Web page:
In 2019, Maine’s prison system started a pilot program to help prisoners dealing with opioid use disorder. The prisoners received medication that helped them reduce their cravings. Alongside 12-step programs, this helped them stay sober both in and out of prison.
Maine’s Addiction Epidemic
In January 2021, more people died from opioid overdoses than any given month in 2020, starting the state with a stark reminder that the pandemic is causing other public health crises to explode. Maine has lost thousands of lives to drug addiction in the past ten years.
While previously, it appeared the addiction epidemic was on a downswing, the pandemic has caused a new rash of overdoses. In October of 2020, Maine’s Attorney General released figures showing that overdose deaths were climbing during the pandemic. Many overdoses can now be attributed to fentanyl, and most were considered accidental.
Medication-Assisted Treatment Saves Lives
Medication-Assisted Treatment doesn’t only save lives within the prison walls. When people are allowed to stay on MAT during their prison term, they often have the “breathing room” to join recovery groups and participate in therapy.
MAT allows inmates to stay sober when they get out of treatment by reducing cravings. For people with opioid use disorder, this means that they will prevent intense cravings that often lead to relapse and overdose. MAT can help people who are re-entering society to have a fighting chance to stay clean from opioids.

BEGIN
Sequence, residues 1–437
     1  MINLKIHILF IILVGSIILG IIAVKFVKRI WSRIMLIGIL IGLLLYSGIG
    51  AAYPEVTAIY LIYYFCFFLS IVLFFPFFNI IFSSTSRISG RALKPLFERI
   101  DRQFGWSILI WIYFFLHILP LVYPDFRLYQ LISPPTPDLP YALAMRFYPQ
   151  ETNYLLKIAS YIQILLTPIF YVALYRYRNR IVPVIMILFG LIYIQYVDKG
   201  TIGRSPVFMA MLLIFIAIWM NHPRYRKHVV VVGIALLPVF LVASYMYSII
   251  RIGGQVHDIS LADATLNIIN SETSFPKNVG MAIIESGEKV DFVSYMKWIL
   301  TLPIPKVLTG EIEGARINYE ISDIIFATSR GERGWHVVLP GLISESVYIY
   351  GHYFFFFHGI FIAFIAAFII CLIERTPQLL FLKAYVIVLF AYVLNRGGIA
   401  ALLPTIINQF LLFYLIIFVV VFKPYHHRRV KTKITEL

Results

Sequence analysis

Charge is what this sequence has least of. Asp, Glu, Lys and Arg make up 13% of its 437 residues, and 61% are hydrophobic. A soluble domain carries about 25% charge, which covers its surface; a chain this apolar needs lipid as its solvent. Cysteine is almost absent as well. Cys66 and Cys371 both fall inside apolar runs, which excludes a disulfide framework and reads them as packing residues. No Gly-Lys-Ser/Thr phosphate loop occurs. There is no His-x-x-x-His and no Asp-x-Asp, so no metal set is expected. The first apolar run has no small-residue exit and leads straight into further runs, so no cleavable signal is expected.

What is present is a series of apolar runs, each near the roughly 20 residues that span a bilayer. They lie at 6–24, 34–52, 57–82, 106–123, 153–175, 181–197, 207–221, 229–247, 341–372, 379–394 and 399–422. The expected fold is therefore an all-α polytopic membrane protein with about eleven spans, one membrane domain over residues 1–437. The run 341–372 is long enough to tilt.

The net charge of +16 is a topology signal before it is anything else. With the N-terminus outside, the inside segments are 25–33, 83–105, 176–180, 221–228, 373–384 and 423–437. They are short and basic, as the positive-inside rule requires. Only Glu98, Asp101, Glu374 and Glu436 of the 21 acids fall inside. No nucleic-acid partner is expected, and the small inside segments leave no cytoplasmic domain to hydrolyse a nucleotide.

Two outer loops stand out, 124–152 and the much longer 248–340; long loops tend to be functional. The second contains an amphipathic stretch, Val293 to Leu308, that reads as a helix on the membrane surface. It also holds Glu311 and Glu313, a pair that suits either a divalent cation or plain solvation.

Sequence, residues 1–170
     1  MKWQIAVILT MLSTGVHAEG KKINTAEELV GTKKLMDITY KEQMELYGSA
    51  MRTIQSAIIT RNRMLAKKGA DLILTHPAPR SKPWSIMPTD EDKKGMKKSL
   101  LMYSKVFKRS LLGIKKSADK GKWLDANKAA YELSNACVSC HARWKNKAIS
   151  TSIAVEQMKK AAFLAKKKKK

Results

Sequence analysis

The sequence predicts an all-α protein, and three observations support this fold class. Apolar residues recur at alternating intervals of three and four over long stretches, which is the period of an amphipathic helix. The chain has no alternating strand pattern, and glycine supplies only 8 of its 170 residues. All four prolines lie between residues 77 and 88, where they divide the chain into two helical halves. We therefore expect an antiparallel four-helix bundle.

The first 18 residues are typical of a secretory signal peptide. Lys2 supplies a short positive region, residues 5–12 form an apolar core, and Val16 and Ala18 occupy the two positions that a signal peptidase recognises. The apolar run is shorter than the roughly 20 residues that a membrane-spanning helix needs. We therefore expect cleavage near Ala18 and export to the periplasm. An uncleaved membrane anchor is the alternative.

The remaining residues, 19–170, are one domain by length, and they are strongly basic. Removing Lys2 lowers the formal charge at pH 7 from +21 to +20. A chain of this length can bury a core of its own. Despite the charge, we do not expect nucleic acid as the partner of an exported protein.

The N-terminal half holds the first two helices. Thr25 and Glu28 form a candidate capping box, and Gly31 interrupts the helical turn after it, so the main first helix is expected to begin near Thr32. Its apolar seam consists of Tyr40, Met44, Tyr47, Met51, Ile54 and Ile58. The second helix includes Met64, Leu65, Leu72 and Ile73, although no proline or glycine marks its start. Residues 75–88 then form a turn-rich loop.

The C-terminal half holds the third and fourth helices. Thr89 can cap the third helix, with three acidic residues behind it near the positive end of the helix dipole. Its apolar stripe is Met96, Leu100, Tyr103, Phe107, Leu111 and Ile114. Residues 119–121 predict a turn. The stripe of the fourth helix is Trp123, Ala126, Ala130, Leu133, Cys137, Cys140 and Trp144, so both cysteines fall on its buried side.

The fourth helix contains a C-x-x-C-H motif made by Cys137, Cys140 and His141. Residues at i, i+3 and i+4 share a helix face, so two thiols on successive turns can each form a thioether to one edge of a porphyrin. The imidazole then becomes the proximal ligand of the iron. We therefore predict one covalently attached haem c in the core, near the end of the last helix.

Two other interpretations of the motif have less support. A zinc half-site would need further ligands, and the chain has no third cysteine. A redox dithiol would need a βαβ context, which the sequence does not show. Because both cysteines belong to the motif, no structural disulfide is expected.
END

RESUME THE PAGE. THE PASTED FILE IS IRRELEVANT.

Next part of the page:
Maine’s Pilot Program Expanding
In Maine, the program has been so successful that it can help more inmates across the state get sober using MAT. Corrections Commissioner Randall Liberty says the corrections system expects to treat up to 600 people once the program is up-and-running.
MAT also marks a change in how the criminal justice system views drug addiction and related crimes. Nowadays, people are more aware that opioid use disorder is a disease of the brain. Because of this, they are more willing to see their tax dollars go to treating addiction as a disease rather than the act of a criminal.